The first systematic review and meta-analysis of trends in sperm count reports a significant decline in sperm concentration and total sperm count among men from Western countries. The study is published today in Human Reproduction Update, the leading journal in the fields of Reproductive Biology and Obstetrics and Gynecology.
By screening 7,500 studies and conducting a meta-regression analysis on 185 studies between 1973 and 2011, the researchers found a 52.4 percent decline in sperm concentration, and a 59.3 percent decline in total sperm count, among men from North America, Europe, Australia and New Zealand who were not selected based on their fertility status. In contrast, no significant decline was seen in South America, Asia and Africa, where far fewer studies have been conducted.
The study also indicates the rate of decline among Western men is not decreasing: the slope was steep and significant even when analysis was restricted to studies with sample collection between 1996 and 2011.
No significant decline has been seen in South America, Asia and Africa, but the researchers point out that far fewer studies have been conducted on these continents. However, Dr Levine is concerned that eventually sperm counts could fall in these places too.
“Given the importance of sperm counts for male fertility and human health, this study is an urgent wake-up call for researchers and health authorities around the world to investigate the causes of the sharp ongoing drop in sperm count, with the goal of prevention,” said Dr. Hagai Levine, the lead author and Head of the Environmental Health Track at the Hebrew University-Hadassah Braun School of Public Health and Community Medicine, in the Hebrew University of Jerusalem’s Faculty of Medicine.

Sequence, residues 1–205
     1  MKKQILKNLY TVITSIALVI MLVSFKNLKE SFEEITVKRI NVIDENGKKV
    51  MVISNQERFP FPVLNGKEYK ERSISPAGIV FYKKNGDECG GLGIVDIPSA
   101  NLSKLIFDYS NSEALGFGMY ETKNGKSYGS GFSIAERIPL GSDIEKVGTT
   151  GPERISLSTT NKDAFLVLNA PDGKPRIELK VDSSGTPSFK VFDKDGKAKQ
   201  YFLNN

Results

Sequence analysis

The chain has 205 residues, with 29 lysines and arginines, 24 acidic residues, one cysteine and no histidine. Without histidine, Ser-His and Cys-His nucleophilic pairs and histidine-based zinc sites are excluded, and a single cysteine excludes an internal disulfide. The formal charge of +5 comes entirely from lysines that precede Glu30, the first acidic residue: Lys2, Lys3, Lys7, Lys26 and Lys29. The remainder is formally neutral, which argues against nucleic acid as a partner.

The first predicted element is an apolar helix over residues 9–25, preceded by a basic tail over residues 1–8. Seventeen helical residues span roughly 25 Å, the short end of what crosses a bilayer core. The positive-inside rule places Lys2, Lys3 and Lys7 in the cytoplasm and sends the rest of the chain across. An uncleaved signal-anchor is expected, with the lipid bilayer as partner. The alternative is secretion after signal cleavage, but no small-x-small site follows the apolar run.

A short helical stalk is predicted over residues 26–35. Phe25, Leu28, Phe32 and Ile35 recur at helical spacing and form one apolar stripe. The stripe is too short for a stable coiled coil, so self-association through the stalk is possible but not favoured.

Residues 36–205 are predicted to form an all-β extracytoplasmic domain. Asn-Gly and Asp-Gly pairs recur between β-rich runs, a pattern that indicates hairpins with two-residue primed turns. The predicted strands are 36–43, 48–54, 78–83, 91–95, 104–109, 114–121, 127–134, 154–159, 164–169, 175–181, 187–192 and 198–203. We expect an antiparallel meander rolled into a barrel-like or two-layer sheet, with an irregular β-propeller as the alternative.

There is no clear evidence for the reason for this apparent decrease. But it has been linked with exposure to chemicals used in pesticides and plastics, obesity, smoking, stress, diet, and even watching too much TV.
Dr Levine says that there is an urgent need to find out why sperm counts are decreasing and to find ways of reversing the trend.
“We must take action – for example, better regulation of man-made chemicals – and we must continue our efforts on tackling smoking and obesity.
Defining a person’s sperm count is a complex process. There are a number of measurements that are considered in semen analysis. First, a physician will look at the concentration — how many sperm there are per cc or milliliter of semen (the fluid). Next, we need to know how many cc of semen are present. So a count of 40 million sperm per cc with only 1cc of fluid may not be as good as a count with 18 million and 4cc. We like to see more than 20 million sperm per cc and 2-5cc of semen. Another measurement to consider is what percentage of the sperm is moving forward progressively; 50 percent motility is considered normal. The next factor is sperm morphology which determines what percentage of sperm look normal. When you assess the fertilizing potential of a given specimen, you must consider all these factors. Thus, a slight abnormality in sperm count may be compensated for by better motility or an increase in volume.